I just got home from the Email Insider Summit in Park City, Utah after acting as the programming chairperson and MC for the event. While it would be challenging for me to provide a comprehensive recap, I wanted to touch on a few things that stood out.
Walking away, it is clear that despite skeptics, email is alive, well, and growing. One need look no further than the $2 billion-dollar annual revenue reported by Groupon and the fact that much of the company's success has come as the direct result of its email efforts. But if that's not enough, consider that HautLook is driving 70% of its revenue and traffic through the email channel. Hayley Osher, the self-proclaimed "cougar of email marketing," shared that HauteLook subscribers have come to anticipate the delivery of their morning offers. She hears about it from customers wondering what happened when their emails don't arrive on time.
Then there was the presentation by Mike Bloxham from the Center for Media Design at Ball State University. He shared information collected by shadowing consumers and recording which media they are exposed to in 20-second increments throughout the day. According to Bloxham, live television (not television played back through a DVR or online) is still the 800-pound gorilla in media; the vast majority of media exposure still comes through live television. Yet, he sees email as the connective tissue in the media mix based on the ubiquity of its use, the amount of time people use email throughout the day, and the ability for marketers to proactively communicate with their customers through the medium. He encouraged marketers to focus not only on how email can integrate with social and mobile platforms, but how it can be integrated with traditional media as well.
But not all the news was positive. According to Judy Loschen of Epsilon, email click-through rates are on the decline. Over the past year, average click-through rates dropped 14% between Q3 2009 and Q3 2010 from 6.2% to 5.4%. Her explanation built on information from Merkle's Rich Fleck, who shared that while email communications with family and friends is decreasing, the number of permission-based emails people subscribe to is still on the rise. In the end, the reason for the decrease in click-through rates may be simply because there is more and more competition in the inbox.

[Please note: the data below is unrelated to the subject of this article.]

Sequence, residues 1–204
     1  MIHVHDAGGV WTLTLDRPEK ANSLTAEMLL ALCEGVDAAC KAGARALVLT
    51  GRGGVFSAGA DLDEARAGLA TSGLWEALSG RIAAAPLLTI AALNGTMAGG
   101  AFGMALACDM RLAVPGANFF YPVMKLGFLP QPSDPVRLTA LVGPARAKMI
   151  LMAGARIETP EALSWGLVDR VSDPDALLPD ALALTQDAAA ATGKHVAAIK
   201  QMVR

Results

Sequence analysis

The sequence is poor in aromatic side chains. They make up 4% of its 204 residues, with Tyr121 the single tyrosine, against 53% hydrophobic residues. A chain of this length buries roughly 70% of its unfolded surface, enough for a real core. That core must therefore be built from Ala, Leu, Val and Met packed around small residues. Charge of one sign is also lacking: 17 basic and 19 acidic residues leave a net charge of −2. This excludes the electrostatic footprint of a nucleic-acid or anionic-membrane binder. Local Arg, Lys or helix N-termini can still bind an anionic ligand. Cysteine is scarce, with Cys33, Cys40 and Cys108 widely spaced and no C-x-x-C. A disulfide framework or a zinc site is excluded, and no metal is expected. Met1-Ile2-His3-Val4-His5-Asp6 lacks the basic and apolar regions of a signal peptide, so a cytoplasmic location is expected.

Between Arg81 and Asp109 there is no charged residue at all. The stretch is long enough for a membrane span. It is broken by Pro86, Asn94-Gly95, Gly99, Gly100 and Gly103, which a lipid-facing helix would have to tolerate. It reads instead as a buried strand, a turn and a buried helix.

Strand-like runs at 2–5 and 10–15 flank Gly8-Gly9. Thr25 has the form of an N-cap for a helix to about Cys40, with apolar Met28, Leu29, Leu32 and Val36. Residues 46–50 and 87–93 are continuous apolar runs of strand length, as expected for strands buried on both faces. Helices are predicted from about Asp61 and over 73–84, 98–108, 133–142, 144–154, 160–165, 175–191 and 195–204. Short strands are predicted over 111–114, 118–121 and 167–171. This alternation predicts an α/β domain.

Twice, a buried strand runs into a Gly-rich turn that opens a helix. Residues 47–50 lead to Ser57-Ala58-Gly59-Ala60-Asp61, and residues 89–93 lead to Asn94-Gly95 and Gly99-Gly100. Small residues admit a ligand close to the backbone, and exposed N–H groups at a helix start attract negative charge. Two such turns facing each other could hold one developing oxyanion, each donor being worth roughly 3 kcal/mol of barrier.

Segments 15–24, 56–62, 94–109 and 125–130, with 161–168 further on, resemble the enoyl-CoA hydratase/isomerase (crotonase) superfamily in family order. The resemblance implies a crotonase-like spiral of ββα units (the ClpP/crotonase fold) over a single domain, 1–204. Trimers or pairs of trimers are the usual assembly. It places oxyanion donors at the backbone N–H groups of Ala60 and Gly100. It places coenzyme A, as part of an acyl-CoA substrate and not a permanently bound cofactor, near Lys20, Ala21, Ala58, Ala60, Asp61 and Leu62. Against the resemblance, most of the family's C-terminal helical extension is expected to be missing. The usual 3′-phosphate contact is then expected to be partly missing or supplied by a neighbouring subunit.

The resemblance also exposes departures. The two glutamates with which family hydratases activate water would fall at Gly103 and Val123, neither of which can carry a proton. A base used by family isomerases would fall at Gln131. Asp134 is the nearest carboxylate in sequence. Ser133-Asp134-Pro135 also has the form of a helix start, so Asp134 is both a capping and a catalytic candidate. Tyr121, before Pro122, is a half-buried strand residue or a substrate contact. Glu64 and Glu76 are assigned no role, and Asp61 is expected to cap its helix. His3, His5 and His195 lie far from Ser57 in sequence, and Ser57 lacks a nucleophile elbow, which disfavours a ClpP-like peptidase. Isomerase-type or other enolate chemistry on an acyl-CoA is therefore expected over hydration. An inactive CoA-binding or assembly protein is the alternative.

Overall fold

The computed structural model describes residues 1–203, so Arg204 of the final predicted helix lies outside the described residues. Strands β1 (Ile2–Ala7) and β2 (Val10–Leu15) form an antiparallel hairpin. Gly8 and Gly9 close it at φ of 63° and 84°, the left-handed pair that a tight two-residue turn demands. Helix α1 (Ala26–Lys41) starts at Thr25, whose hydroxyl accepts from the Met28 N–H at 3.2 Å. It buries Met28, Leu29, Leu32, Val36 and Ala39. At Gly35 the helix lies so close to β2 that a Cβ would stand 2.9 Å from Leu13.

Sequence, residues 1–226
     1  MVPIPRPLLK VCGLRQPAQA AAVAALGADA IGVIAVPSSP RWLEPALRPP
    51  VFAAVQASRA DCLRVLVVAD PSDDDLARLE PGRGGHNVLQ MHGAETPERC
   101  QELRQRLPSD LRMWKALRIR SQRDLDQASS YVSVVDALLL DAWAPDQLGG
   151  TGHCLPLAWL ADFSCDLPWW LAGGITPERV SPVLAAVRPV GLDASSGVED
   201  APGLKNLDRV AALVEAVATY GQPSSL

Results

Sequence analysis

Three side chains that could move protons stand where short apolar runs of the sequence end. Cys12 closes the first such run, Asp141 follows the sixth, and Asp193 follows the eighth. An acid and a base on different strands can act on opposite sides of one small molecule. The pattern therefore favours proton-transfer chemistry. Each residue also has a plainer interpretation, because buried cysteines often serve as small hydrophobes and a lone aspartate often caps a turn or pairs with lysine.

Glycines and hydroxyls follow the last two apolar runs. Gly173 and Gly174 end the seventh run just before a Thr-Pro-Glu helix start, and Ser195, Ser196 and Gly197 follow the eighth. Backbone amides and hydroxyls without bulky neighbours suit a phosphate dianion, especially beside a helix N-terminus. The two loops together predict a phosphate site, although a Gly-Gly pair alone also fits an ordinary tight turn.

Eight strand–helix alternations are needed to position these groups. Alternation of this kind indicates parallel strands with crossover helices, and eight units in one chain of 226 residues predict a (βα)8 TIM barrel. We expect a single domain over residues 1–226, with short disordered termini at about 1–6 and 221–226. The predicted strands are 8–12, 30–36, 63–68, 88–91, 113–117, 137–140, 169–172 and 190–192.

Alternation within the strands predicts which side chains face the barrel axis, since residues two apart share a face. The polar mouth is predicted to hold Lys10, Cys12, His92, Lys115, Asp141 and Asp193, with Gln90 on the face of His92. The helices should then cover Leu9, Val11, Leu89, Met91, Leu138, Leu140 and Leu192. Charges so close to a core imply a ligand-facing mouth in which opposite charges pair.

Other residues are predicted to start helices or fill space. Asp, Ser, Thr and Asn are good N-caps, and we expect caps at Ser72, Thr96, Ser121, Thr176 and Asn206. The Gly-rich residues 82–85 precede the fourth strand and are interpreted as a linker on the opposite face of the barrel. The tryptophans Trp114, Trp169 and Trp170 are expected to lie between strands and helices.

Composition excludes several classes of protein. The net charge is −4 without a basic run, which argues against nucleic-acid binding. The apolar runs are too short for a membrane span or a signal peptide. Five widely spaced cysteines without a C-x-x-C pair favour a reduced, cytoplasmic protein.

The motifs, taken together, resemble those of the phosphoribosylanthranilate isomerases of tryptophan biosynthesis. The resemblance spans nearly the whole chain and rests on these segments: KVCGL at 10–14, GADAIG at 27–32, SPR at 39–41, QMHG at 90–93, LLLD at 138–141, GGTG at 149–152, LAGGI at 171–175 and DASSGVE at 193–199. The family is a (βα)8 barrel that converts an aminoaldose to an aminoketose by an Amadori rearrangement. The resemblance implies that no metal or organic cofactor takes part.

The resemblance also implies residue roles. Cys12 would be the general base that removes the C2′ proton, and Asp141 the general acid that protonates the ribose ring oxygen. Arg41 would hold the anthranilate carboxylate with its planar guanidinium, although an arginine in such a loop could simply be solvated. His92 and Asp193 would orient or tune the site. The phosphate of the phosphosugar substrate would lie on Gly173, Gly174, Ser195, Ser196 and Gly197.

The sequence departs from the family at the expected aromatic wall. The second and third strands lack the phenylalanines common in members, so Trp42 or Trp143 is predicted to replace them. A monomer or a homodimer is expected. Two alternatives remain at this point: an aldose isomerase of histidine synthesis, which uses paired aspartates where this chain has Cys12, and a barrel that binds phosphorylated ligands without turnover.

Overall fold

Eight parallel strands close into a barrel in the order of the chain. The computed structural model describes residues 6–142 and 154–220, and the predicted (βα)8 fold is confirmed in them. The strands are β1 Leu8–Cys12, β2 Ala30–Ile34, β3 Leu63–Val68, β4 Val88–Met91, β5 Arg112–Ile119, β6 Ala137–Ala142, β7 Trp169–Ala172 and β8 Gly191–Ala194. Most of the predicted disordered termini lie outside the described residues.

So, should we rejoice or panic? Neither!
Remember, average is still average. Increased competition simply means you need to raise the level of your marketing -- and there are plenty of ways to do so.
Even the ISPs are trying to help. Tami Forman of ReturnPath led a panel of ISP representatives that shed light on how they determine what does and does not make it to the inbox. One representative noted, "If we put you in the spam folder, there is a reason," only to go on and share that ISPs are ranking the reputation of consumers as well as senders. As it turns out, some email users are more reliable than others when it comes to hitting the spam button. It's no longer simply a matter of the number of people that hit the spam button, but WHO hits it. If reliable consumers mark you as spam, you likely have a problem that needs addressing!
In the end, the thing that stood out most to me was that we are actually on the right path. There was a lot of content geared toward how to improve, but just as many people talked about how to drive these improvements throughout our organizations. We know email isn't the shiny new object. As one panelist shared, "One day my CEO got an iPhone -- and suddenly I was given budget for an app." That doesn't happen in email marketing anymore.
Because executives don't go to cocktail parties and brag about improvements to their email marketing programs. They need to do the things that the popular culture is latching onto or risk taking substantial heat for missing the boat on emerging technologies.
Thus, driving improvements in email means we need to do a better job navigating internal politics. As David Bronson shared, "you need to build alliances with your peers and stakeholders in other channels. Figure out how you can help them succeed. If you go straight to the top and ask senior management to push through your agenda, it probably won't happen."
Last but not least was my favorite quote from the conference. During his opening keynote, Tony Bombacino, CMO of Restaurants.com, also encouraged summit attendees to be transformation agents in their organizations, but warned against attempting to bite off too much at one time. "We need to move from ‘all or nothing' to ‘all or something.' Don't let perfection get in the way of progress," he said.
Very true. Thanks, Tony!
P.S. - I also want to acknowledge a few people for their help programming the conference. First, David Baker, who served as the programming chairperson for the last five Email Insider Summits, was very helpful along the way. My respect and appreciation for his talent continues to grow. Second, my thanks go to Anna Yeaman of StyleCampaign, Eric Kirby of Connection Engine, and Fred Tabsharani of Port25, all of whom worked tirelessly to put together a well-rounded show. Thanks, all!